I suggest to people on CFnet that they get to know the nature of logical fallacies, correct terms used for them, and the damage they do to reasonable/rational discussions. There is an excellent site dealing with some of the main logical fallacies, The Nizkor Project.

What is a logical fallacy?
As the Nizkor Project states, ‘A fallacy is, very generally, an error in reasoning. This differs from a factual error, which is simply being wrong about the facts. To be more specific, a fallacy is an "argument" in which the premises given for the conclusion do not provide the needed degree of support’.

To put it another way, logical fallacies happen when assertions are made and they cannot be substantiated. What seems to zoom past many people is that the people who use them are enthusiastic, and deliver them with conviction, and best of all they sound like the points made are proven facts and reasonable.

An Appeal to Ridicule Fallacy uses this type of erroneous reasoning:

The Appeal to Ridicule is a fallacy in which ridicule or mockery is substituted for evidence in an "argument." This line of "reasoning" has the following form:

  1. X, which is some form of ridicule is presented (typically directed at the claim).
  2. Therefore claim C is false.
This sort of "reasoning" is fallacious because mocking a claim does not show that it is false. This is especially clear in the following example: "1+1=2! That's the most ridiculous thing I have ever heard!"

It should be noted that showing that a claim is ridiculous through the use of legitimate methods (such as a non fallacious argument) can make it reasonable to reject the claim….

Example:

"Those wacky conservatives! They think a strong military is the key to peace!" (The Nizkor Project)​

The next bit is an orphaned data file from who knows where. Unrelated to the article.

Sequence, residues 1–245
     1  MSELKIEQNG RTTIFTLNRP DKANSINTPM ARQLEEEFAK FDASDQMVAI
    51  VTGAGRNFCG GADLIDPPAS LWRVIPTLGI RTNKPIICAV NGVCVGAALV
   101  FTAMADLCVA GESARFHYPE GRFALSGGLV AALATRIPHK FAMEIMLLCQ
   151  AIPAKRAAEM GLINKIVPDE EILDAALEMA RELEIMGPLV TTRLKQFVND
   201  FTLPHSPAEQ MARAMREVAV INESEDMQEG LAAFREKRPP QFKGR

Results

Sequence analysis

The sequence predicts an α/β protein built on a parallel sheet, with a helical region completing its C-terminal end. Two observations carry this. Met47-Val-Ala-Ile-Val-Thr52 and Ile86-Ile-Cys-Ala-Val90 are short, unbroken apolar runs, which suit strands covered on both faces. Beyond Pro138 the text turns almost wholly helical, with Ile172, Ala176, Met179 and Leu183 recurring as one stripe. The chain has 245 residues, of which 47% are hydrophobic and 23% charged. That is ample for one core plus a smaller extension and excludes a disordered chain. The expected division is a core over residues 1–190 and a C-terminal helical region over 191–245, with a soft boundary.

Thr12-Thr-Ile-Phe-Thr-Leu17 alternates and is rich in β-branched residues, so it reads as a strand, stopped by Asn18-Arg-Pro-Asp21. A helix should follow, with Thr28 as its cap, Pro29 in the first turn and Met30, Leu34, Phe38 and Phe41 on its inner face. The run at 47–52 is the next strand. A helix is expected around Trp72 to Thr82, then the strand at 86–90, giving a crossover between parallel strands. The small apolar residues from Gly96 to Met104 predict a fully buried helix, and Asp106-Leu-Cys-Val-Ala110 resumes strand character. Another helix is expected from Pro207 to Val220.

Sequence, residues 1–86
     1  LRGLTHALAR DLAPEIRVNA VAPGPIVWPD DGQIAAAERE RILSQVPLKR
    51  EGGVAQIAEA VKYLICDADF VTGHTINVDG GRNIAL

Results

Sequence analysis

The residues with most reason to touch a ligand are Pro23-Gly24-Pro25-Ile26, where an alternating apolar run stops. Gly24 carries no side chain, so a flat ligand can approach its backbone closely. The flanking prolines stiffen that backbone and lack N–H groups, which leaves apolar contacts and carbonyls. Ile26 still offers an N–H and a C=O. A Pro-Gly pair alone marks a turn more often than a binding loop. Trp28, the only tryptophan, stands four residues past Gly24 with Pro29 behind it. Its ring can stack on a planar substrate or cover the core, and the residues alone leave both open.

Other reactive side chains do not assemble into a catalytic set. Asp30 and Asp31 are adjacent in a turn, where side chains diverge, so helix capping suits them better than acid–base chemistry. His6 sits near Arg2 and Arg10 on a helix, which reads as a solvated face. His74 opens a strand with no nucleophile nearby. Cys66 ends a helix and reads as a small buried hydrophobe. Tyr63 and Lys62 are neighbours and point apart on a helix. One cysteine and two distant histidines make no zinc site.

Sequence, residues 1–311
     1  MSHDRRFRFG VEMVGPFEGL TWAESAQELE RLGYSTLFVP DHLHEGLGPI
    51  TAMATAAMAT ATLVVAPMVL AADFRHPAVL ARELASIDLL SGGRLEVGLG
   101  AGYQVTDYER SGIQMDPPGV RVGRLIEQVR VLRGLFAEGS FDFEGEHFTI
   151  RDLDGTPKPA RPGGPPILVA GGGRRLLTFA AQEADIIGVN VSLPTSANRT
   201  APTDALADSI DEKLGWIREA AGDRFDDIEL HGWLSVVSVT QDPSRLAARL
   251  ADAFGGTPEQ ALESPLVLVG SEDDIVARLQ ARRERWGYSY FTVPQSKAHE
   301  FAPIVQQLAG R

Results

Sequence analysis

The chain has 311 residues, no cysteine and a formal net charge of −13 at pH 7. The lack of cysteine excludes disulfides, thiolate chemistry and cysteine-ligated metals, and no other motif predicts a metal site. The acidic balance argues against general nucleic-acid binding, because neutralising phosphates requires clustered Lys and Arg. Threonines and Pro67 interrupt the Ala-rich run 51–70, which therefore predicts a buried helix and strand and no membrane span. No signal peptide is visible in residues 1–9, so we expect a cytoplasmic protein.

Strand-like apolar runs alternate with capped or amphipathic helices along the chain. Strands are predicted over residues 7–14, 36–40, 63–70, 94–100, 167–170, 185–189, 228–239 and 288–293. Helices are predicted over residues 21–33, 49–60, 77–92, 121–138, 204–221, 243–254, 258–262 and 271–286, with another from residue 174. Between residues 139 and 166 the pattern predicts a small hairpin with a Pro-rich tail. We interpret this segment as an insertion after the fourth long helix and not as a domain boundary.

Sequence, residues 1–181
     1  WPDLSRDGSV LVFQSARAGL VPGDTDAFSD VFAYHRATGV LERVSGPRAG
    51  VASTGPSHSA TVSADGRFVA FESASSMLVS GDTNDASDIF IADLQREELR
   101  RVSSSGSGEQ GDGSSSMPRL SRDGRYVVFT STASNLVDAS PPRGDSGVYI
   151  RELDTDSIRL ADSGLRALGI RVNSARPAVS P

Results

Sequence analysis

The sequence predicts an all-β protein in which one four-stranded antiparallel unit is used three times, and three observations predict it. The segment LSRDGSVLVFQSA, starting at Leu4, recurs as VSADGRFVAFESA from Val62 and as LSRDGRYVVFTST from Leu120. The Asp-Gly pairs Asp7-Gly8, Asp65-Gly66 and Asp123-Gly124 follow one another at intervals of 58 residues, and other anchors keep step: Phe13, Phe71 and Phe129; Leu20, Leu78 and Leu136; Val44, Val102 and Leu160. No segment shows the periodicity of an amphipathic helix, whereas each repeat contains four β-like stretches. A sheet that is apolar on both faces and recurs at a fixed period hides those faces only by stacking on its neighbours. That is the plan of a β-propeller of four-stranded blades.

Logical fallacies I sometimes encounter on this forum include:
Damage done
When we use logical fallacies, it means that we engage in erroneous/ fallacious reasoning. Therefore, conducting a reasonable conversation is impossible as the issues being discussed have been side-lined and another agenda is being pursued.

So, a good way to hijack a discussion is with a logical fallacy. I encourage all people to be alert to the kinds of logical fallacies used in discussions – wherever – and to point them out here on CFnet to the person who used it. Then get back to the proper discussion.

For the religious instruction (RI) curriculum in the public schools here in Qld, I’m writing 2 lessons on logical fallacies that I’ve titled, ‘Tuning your bunkum detector’. You might call it, ‘Tuning your baloney detector’. The sub title for me is, ‘Verbal garbage for the wheelies of life – what to chuck out’. This is a grab from part of that lesson I wrote last week It’s for early teens:

In this RI class, in any class in school, when you watch your favourite TV show or download something on your Ipad or laptop, how do you choose between

  • bunkum and truth,
  • between baloney and facts,
  • between nonsense and wise things?
We’ll be looking at ways to do that in this lesson and the next.

Please remember, I want you to tune your bunkum detector so you keep me on my toes in this RI class and any other class in school. Here goes!

I may deliberately give you bunkum or garbage for the wheelies of life in this lesson on Christianity. Garbage for the wheelies of life have been used by Christians as well. I want you to listen carefully so you can tell me what kind of bunkum it is? We’ll be giving labels to the bunkum.

What will be the benefits to you if you know what is bunkum and should be tossed out as garbage or what is true and should be kept?​

In this lesson I deal with 4 logical fallacies. Here are the titles for the kids (what are their official titles?):

(a) Popularity does not win the contest

(b) Choose some and leave out heaps

(c) They are experts – they orta know

(d) Name calling

For the cause of Christian logic,

Oz

Thanks Oz.

There s much needed understanding about this.

Also there is much needed monitoring of those who use logical fallacies when discussing scripture and doctrine.


JLB
 

OzSpen

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Sorry OZ i dont understand this

Please tell me what you don't understand.

Suppose this happens as a conversation between Reba and Joan ( hypothetical example):

Reba: John's a good looking bloke. He's really handsome. His wife got a good one there.

Joan: My hubby is a handsome, hunk of a fella too. He's my prince charming.

What was Reba's point that she wanted to discuss? John, the good looking bloke.

How did Joan reply? She talked about her handsome hubby.

Joan changed the topic (although it sounded like the topic, it wasn't). Reba wanted Joan to discuss John, the good looking bloke.

When Joan discusses her hubby, the conversation has been shipwrecked by a red herring logical fallacy. What happens with a red herring is this: